The requirement of coherence is the great preservative of rationalistic sanity. But the validity of its criticism is not always admitted. If we consider philosophical controversies, we shall find that disputants tend to require coherence from their adversaries, and to grant dispensations to themselves. It has been remarked that a system of philosophy is never refuted; it is only abandoned. The reason is that logical contradictions, except as temporary slips of the mind—plentiful, though temporary—are the most gratuitous of errors; and usually they are trivial. Thus, after criticism, systems do not exhibit mere illogicalities. They suffer from inadequacy and incoherence. Failure to include some obvious elements of experience in the scope of the system is met by boldly denying the facts. Also while a philosophical system retains any charm of novelty, it enjoys a plenary indulgence for its failures in coherence. But after a system has acquired orthodoxy, and is taught with authority, it receives a sharper criticism. Its denials and its incoherences are found intolerable, and a reaction sets in.
Incoherence is the arbitrary disconnection of first principles. In modern philosophy Descartes' two kinds of substance, corporeal and mental, illustrate incoherence. There is, in Descartes' philosophy, no reason why there should not be a one-substance world, only corporeal, or [10] a one-substance world, only mental. According to Descartes, a substantial individual ‘requires nothing but itself in order to exist.’ Thus this system makes a virtue of its incoherence. But,† on the other hand, the facts seem connected, while Descartes' system does not; for example, in the treatment of the body-mind problem. The Cartesian system obviously says something that is true. But its notions are too abstract to penetrate into the nature of things.
The attraction of Spinoza's philosophy lies in its modification of Descartes' position into greater coherence. He starts with one substance, causa sui, and considers its essential attributes and its individualized modes, i.e., the ‘affectiones substantiae.’ The gap in the system is the arbitrary introduction of the ‘modes.’ And yet, a multiplicity of modes is a fixed requisite, if the scheme is to retain any direct relevance to the many occasions in the experienced world.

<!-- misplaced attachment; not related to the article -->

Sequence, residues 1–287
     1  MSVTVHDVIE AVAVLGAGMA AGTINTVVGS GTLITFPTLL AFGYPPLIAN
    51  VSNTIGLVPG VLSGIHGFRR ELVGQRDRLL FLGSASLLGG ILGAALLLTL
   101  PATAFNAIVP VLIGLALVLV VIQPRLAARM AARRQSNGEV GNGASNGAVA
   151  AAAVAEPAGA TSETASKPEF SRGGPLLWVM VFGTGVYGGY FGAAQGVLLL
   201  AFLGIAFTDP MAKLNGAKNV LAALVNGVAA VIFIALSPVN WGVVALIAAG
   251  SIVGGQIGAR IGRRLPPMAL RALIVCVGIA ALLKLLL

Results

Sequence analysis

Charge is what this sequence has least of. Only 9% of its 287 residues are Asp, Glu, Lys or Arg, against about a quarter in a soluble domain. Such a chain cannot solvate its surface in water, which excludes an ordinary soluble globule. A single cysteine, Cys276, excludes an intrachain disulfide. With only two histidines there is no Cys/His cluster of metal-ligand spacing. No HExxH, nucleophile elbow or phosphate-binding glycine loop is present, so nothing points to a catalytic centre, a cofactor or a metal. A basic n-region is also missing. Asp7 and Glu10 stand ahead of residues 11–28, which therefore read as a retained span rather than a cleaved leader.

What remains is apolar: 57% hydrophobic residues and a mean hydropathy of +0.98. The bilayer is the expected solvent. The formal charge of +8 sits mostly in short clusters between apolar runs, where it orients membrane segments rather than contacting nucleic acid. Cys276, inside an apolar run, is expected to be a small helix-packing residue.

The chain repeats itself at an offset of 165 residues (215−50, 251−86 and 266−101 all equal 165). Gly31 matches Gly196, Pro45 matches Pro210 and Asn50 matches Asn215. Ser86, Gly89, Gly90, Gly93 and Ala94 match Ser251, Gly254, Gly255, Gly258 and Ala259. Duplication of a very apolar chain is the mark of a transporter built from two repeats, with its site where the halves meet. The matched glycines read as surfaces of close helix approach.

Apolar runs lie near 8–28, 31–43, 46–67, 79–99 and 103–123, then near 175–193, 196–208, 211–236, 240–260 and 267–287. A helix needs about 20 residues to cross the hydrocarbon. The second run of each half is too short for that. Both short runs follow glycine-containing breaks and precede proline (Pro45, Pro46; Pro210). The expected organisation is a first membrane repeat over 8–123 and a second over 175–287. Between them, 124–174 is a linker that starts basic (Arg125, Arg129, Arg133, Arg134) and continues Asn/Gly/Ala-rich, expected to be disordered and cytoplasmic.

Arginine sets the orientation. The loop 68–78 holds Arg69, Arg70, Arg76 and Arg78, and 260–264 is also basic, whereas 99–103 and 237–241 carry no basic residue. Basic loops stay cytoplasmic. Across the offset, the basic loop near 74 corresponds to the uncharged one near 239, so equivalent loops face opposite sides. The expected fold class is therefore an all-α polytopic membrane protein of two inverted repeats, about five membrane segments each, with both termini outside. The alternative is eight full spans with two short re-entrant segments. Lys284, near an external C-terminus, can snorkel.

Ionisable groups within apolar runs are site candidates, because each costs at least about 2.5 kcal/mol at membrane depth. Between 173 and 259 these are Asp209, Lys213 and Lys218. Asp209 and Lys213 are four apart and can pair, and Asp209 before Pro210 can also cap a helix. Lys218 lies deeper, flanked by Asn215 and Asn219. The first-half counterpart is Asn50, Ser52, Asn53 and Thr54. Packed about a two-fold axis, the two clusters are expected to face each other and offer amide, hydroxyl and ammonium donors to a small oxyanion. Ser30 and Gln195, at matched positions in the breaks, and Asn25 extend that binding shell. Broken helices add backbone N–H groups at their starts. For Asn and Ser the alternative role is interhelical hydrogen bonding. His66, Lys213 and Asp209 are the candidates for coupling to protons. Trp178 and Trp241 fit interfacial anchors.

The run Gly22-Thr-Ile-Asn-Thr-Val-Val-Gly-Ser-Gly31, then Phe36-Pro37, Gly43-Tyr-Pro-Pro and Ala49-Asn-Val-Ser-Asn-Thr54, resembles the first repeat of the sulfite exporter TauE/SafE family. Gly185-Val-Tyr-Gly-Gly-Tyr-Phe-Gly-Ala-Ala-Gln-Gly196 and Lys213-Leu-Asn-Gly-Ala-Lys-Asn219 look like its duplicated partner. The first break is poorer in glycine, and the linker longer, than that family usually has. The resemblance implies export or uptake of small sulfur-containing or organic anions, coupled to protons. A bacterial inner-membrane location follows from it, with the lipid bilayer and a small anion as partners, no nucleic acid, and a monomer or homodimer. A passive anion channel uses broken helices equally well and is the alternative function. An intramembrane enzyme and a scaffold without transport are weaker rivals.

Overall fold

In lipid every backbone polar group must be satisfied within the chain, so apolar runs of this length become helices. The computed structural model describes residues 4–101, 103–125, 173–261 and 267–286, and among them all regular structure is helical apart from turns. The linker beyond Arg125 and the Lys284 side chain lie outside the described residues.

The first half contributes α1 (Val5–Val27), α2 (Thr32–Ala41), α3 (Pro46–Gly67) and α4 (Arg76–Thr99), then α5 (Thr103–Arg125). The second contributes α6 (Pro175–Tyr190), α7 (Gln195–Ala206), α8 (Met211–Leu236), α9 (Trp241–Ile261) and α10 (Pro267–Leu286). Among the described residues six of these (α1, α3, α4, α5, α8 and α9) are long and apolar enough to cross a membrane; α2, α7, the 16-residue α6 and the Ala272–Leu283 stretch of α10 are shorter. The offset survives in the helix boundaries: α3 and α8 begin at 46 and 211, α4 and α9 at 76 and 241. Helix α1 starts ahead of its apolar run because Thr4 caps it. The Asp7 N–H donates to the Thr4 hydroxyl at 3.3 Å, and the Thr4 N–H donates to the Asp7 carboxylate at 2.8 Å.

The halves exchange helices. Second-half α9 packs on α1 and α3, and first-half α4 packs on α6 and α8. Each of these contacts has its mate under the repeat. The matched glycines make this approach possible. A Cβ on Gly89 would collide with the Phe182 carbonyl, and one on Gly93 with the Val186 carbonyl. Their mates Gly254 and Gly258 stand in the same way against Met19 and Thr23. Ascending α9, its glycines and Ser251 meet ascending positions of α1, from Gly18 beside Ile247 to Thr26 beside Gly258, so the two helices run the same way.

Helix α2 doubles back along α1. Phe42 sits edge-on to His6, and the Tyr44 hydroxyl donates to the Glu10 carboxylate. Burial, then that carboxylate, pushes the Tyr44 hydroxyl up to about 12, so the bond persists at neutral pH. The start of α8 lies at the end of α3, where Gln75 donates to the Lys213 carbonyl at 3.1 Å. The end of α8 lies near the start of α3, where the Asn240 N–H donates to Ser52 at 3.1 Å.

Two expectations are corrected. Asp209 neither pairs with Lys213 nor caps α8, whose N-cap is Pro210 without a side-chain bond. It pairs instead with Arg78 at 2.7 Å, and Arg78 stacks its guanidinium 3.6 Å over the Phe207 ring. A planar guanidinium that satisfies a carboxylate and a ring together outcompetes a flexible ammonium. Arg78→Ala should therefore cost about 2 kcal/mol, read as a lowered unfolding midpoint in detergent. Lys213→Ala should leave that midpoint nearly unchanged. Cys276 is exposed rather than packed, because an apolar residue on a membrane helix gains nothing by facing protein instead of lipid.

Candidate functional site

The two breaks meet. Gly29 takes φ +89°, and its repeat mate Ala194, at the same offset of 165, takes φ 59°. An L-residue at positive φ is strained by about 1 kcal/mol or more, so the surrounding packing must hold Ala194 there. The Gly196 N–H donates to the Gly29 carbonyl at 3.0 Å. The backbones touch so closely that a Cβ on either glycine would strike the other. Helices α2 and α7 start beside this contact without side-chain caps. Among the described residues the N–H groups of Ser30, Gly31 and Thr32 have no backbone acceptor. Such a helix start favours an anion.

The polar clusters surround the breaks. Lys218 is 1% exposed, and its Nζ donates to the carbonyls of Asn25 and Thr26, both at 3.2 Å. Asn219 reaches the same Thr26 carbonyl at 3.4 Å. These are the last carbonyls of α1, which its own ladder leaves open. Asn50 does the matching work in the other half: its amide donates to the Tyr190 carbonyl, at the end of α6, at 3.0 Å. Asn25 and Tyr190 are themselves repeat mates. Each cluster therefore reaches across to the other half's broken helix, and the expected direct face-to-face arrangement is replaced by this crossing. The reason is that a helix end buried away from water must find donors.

The philosophy of organism is closely allied to Spinoza's scheme of thought. But it differs by the abandonment of the subject-predicate forms of thought, so far as concerns the presupposition that this form is a direct embodiment of the most ultimate characterization of fact. The result is that the ‘substance-quality’ concept is avoided; and that morphological description is replaced by description of dynamic process. Also Spinoza's ‘modes’ now become the sheer actualities; so that, though analysis of them increases our understanding, it does not lead us to the discovery of any higher grade of reality. The coherence, which the system seeks to preserve, is the discovery that the process, or concrescence, of any one actual entity involves the other actual entities among its components. In this way the obvious solidarity of the world receives its explanation.
In all philosophic theory there is an ultimate which is actual in virtue of its accidents. It is only then capable of characterization through its accidental embodiments, and apart from these accidents is devoid of [11] actuality. In the philosophy of organism this ultimate is termed ‘creativity’; and God is its primordial, non-temporal accident.* In monistic philosophies, Spinoza's or absolute idealism, this ultimate is God, who is also equivalently termed ‘The Absolute.’ In such monistic schemes, the ultimate is illegitimately allowed a final, ‘eminent’ reality, beyond that ascribed to any of its accidents. In this general position the philosophy of organism seems to approximate more to some strains of Indian, or Chinese, thought, than to western Asiatic, or European, thought. One side makes process ultimate; the other side makes fact ultimate.

In its turn every philosophy will suffer a deposition. But the bundle of philosophic systems expresses a variety of general truths about the universe, awaiting coordination and assignment of their various spheres of validity. Such progress in coordination is provided by the advance of philosophy; and in this sense philosophy has advanced from Plato onwards. According to this account of the achievement of rationalism, the chief error in philosophy is overstatement. The aim at generalization is sound, but the estimate of success is exaggerated. There are two main forms of such overstatement. One form is what I have termed,† elsewhere,2 the ‘fallacy of misplaced concreteness.” This fallacy consists in neglecting the degree of abstraction involved when an actual entity is considered merely so far as it exemplifies certain categories of thought. There are aspects of actualities which are simply ignored so long as we restrict thought to these categories. Thus the success of a philosophy is to be measured by its comparative avoidance of this fallacy, when thought is restricted within its categories.
The other form of overstatement consists in a false estimate of logical procedure in respect to certainty, and in respect to premises. Philosophy has been haunted by the unfortunate notion that its method is dogmatically to indicate premises which are severally clear, distinct, and [12] certain; and to erect upon those premises a deductive system of thought.